The Adventures of Huckleberry Finn Question 2 Although “The Adventures of Huckleberry Finn” is present often in the children’s section of a library, it is not for children only. One common explanation for this exception is that the ones found in the children’s section are edited versions (Coleman, 2006). Teachers are usually more comfortable about teaching almost “censored” versions of the book because of the mature nature of the original text. Another reason is the author’s, Mark Twain, account for the original target audience for the book. According to Twain, he wrote the book for adults and is against making it only accessible to children. A third justification is the book’s criticism of the insincere know-nothingness behind each attempt to ban or slander it (Coleman, 2006).
Evidence of the text’s lasting reality and influence is in each generation’s effort to suppress the author’s compassionate passage. Initially, Twain intended to make the book a follow-up of “The Adventures of Tom Sawyer” (Coleman, 2006). However, Twain progressed the character Huckleberry Finn into a more serious, grown up personality addressing adult issues. For instance, Twain’s perspective on slavery and other social matters during his era are clear with his choice of words, opinions, and Finn’s actions. Another example is the book’s common use of the word “nigger” although the book is evidently antiracism and antislavery (Coleman, 2006). As a result, children clearly need adult supervision or guidance when reading the book to show them how the author uses racial slurs to reveal the negative effects and stupidity of racism and characters who adopt it.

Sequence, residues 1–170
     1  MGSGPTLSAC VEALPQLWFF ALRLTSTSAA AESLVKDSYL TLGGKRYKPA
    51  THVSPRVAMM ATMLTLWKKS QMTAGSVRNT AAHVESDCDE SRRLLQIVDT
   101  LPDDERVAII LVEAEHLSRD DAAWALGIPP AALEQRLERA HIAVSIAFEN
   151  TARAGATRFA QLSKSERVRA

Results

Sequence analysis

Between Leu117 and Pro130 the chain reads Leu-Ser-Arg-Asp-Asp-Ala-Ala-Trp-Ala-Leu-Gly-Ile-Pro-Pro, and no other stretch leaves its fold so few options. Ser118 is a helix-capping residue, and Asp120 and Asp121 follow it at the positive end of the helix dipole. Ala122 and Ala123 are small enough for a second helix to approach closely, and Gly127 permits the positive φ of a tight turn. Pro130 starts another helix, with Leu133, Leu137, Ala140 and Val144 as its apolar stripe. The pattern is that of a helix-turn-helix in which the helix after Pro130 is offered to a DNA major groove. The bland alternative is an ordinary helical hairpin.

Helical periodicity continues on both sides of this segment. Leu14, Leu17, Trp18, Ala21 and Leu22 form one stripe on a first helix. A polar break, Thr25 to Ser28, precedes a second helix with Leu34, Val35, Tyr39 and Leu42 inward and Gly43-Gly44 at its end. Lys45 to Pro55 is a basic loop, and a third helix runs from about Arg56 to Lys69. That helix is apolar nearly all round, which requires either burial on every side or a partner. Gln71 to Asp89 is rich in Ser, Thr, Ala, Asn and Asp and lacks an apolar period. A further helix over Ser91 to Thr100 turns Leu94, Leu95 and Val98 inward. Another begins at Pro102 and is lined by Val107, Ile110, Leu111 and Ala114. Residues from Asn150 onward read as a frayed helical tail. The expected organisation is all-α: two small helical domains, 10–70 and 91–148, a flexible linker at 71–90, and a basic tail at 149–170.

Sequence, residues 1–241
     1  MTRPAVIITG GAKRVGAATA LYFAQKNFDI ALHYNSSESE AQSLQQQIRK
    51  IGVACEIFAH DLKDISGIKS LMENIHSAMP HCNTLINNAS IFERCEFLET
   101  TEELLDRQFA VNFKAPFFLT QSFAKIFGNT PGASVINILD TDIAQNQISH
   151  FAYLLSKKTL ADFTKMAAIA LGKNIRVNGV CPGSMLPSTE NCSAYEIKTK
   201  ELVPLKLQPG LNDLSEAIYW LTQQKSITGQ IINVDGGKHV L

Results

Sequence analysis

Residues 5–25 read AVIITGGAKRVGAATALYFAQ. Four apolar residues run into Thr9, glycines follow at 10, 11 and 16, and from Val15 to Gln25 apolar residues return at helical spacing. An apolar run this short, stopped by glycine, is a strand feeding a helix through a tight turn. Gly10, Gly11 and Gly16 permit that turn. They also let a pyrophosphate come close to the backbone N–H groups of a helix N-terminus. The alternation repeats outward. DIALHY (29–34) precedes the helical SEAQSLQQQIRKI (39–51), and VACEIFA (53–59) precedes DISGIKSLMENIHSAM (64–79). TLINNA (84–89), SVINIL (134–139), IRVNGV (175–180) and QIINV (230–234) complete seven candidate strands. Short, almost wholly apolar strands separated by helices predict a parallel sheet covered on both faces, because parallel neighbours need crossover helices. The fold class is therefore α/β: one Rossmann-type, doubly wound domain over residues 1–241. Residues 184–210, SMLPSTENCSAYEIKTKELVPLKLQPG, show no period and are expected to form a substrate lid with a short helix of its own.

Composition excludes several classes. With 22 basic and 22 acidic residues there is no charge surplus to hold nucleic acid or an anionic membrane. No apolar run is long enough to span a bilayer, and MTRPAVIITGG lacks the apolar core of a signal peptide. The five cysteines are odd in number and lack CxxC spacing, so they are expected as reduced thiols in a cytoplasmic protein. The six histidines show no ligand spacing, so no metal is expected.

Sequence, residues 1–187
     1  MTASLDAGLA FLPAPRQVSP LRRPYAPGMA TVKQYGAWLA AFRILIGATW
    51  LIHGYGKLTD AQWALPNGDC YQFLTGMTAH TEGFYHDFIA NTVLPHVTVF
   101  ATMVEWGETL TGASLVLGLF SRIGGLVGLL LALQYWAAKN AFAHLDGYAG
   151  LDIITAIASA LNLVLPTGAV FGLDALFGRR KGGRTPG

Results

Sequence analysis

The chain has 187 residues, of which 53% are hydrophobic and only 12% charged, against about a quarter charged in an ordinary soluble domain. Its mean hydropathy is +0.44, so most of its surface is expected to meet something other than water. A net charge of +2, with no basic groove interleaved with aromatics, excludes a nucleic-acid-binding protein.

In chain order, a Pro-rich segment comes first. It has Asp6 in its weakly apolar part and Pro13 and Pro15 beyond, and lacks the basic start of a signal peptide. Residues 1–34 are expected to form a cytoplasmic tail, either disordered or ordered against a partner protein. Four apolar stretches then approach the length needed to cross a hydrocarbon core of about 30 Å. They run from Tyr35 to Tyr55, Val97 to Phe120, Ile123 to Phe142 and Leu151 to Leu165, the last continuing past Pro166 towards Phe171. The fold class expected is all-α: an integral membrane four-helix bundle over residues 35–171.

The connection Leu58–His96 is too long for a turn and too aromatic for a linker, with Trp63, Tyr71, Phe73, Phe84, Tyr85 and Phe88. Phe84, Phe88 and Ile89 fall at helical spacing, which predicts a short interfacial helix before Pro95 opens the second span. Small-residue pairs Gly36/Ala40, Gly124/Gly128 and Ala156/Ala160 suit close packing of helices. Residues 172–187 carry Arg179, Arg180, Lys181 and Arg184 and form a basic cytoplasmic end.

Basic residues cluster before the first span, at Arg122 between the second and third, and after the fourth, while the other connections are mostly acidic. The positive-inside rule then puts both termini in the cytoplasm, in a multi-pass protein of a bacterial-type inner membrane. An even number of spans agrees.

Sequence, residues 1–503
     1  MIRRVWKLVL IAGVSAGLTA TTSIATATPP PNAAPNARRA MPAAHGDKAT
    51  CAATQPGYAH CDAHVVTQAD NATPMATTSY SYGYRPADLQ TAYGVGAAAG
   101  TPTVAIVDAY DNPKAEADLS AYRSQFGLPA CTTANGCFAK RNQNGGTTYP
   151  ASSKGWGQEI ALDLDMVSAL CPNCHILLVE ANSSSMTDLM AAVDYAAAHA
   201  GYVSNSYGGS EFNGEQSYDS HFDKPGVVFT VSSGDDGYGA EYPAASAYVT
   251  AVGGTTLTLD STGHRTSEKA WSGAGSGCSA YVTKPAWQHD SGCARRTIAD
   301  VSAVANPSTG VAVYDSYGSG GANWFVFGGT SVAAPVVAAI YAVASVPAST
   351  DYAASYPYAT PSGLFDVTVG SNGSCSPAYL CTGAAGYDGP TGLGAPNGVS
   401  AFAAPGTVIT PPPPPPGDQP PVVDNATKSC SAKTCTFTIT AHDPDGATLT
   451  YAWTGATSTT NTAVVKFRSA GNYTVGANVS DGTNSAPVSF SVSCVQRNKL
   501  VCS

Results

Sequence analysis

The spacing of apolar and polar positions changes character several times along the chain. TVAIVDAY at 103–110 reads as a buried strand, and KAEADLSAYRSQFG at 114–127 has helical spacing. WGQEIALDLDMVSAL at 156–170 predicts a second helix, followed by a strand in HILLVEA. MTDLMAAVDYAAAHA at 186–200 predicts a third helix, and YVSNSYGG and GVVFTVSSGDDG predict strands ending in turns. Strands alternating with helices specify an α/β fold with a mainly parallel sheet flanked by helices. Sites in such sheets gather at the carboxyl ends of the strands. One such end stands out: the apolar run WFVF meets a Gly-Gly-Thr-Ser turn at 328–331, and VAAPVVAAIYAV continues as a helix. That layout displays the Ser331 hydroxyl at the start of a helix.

Coleman, A. (2006). Adventures of Huckleberry Finn: Mark Twain (1835-1910). Librivox. Retrieved from https://librivox.org/the-adventures-of-huckleberry-finn-by-mark-twain/